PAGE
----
Diplomacy Isn’t Working

August 26, 2013 at 11:46 am

I was speaking to a friend the other day about Edward Snowden and Bradley Manning, whether or not what they did is justifiable and we naturally ended up talking about Iraq and Afghanistan. He was saying that the US still hasn’t learnt its lessons from Vietnam, that regardless of how good your military technology is, if you don’t know the surrounding area very well you’re going to be in for a long hard slog.

At first I agreed, it made sense. But then I got to thinking… Maybe they have learned their lessons. See my friend made the assumption that the US wanted a quick: ‘In, Kill the bad guys, Out’ strategy in Iraq and Afghanistan. But really, where’s the profit in that? The assumption he made implies that the US is a force for good in the world, that they genuinely wanted to help the Iraqis or Afghans, but is that really the case?

Of course not. Where people are involved, nothing is ever quite that simple. There may well have been an element of misguided ‘White Saviour Syndrome’ in the decision making process, but the lobbying system over in the US means that pretty much any decision made by government is guaranteed to have been corrupted by money and corporations at some stage. I wish that Snowden or Manning had stumbled across a document that revealed the decision making process behind the invasions of Iraq and Afghanistan, but so far they haven’t released anything of that nature so all we can do is look at the situation, see who has benefited most and come up with some conspiracy theories.

If one thing is clear, the civilians on the ground in Iraq and Afghanistan have benefited the least. Both countries are now former shadows of themselves, with Iraq now a hotbed of sectarian violence that long ago spiralled beyond anyone’s control and Afghanistan now a wreck of a country where nobody really seems to be in charge. It appears that America made some fatal miscalculations when considering what civilians in both countries actually wanted, if indeed their wishes were even considered. The American assumption was quite simply that everybody in Iraq would be better off without Saddam and that everybody in Afghanistan would be better off without the Taliban, and that they’d be the heroes for delivering such scenarios.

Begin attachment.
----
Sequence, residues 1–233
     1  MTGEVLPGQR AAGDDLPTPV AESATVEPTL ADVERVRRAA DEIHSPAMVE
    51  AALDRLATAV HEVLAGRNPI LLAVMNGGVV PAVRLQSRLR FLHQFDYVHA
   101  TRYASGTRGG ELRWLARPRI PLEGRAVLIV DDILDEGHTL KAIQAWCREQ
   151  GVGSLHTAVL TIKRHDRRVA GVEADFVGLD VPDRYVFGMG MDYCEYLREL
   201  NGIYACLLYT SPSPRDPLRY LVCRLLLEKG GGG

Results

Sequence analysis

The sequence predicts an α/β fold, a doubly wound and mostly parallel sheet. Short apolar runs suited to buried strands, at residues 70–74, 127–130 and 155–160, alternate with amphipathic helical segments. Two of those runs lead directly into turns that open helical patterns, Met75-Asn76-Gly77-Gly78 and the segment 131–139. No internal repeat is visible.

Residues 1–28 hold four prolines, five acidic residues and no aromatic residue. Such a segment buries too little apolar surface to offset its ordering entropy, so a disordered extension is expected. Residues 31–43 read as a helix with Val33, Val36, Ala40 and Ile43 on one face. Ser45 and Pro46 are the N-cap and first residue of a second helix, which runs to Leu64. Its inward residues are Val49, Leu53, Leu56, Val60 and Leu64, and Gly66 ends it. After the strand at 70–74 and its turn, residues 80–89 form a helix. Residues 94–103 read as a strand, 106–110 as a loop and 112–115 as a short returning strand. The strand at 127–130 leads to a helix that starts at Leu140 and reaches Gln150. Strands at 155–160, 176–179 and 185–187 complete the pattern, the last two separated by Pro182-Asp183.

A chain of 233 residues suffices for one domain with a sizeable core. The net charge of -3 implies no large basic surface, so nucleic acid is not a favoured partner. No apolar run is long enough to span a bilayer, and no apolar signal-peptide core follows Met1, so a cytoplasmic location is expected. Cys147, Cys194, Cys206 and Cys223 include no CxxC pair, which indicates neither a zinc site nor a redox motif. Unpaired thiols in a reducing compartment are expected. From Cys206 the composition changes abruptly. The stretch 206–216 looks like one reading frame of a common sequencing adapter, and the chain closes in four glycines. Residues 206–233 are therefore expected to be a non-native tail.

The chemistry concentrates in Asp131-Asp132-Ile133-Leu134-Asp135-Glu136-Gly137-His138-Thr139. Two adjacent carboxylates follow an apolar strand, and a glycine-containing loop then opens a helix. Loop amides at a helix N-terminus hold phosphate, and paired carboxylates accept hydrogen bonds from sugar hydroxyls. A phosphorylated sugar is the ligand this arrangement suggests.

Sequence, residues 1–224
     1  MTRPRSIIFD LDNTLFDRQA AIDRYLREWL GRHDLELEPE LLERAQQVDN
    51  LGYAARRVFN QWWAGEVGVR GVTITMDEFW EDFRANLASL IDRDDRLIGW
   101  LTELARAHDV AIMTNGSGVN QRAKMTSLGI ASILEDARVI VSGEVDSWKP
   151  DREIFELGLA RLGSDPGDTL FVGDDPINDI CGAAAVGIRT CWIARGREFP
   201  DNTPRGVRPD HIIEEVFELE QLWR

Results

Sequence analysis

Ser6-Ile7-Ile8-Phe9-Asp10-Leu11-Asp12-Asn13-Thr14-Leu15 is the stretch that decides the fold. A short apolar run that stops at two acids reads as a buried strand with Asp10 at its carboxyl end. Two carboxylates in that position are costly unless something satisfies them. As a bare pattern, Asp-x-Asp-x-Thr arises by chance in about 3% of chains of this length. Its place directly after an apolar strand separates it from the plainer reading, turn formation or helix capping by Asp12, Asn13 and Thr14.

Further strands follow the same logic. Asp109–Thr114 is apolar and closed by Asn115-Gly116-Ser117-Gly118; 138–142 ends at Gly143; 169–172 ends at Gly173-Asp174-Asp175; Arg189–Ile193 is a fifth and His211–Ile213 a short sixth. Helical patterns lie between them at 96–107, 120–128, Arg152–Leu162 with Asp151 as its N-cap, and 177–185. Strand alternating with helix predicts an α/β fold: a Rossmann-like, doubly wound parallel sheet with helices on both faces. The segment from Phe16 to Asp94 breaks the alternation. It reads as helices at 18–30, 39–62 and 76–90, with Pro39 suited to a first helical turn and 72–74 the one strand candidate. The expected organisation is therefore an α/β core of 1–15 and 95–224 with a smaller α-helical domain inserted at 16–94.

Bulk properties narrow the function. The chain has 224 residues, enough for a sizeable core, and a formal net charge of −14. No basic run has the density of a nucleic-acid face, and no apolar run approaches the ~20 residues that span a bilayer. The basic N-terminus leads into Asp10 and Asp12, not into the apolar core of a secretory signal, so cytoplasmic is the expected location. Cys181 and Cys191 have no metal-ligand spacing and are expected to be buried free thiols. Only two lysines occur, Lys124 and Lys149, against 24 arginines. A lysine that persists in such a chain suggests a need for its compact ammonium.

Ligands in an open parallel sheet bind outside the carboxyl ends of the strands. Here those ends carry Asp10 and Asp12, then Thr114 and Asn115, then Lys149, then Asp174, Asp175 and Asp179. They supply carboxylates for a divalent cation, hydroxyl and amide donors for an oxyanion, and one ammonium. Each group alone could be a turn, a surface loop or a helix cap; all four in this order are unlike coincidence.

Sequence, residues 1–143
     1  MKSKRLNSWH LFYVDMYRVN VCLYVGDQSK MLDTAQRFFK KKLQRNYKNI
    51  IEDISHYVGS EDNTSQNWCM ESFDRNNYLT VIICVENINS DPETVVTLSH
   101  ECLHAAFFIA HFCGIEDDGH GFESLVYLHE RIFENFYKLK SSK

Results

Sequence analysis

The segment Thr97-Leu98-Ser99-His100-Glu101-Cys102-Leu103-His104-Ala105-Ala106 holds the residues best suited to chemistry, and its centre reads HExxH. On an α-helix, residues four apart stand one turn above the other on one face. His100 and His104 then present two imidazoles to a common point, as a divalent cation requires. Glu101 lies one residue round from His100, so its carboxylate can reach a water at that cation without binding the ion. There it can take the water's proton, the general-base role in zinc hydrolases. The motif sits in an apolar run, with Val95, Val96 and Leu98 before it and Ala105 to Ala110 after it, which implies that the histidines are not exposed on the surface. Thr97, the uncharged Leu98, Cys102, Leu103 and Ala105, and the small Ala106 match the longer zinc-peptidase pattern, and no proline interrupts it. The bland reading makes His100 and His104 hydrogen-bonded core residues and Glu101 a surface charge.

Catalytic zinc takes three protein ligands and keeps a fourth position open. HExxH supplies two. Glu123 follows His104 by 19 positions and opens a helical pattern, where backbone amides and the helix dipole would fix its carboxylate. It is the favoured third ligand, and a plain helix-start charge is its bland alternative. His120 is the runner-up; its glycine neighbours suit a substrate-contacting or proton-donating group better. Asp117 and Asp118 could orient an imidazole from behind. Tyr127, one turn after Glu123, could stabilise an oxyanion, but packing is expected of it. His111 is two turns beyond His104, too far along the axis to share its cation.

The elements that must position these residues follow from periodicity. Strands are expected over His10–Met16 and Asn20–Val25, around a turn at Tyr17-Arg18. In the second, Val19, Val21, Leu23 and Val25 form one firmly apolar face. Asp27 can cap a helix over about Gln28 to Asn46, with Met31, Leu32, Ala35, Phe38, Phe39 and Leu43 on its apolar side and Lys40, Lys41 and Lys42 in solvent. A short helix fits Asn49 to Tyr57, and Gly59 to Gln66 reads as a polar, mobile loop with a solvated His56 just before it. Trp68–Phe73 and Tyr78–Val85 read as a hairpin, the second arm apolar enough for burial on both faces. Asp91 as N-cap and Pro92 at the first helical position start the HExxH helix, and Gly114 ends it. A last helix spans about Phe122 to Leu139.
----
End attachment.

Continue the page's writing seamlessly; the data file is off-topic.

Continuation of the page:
One has to wonder, do the key decision makers recruit Hollywood scriptwriters to devise their plans? It could well be the case that an Iraq without Saddam or an Afghanistan without the Taliban would both be better places, but what was clearly not considered was the method of their removal. An invasion by a foreign military force was only ever going to divide the populations, fear of the unknown does terrible things to societies, it brings out the absolute worst in humanity. This was not considered at all, but in all honesty, the situations we find in Iraq and Afghanistan have greatly benefited the US.

I doubt there are any published statistics, but I can guarantee that while America has lost a lot of soldiers ‘fighting for the flag’ it has certainly made billions in profit over the course of these invasions. Remember that America is the largest exporter of arms in the world, what better way to advertise your products than a decade long occupation of a nation with such challenging terrain as Afghanistan and the removal of a notorious Tyrant from one of their biggest enemies? That’s before we even think about the oil contracts handed out to western corporations in the oil-fields of Iraq, there’s that famous map of Iraq, divided into five states: Exxon, Shell, Chevron, BP and Total.

So, from the military failings of Vietnam, America has learned that military failings don’t necessarily need to mean general failings. Like all good businesses, they’ve learned that in order to make money they need to stick to what they do best and then exploit the s**t out of it. And credit where credit’s due, they’re pretty good at invading other countries under false pretences.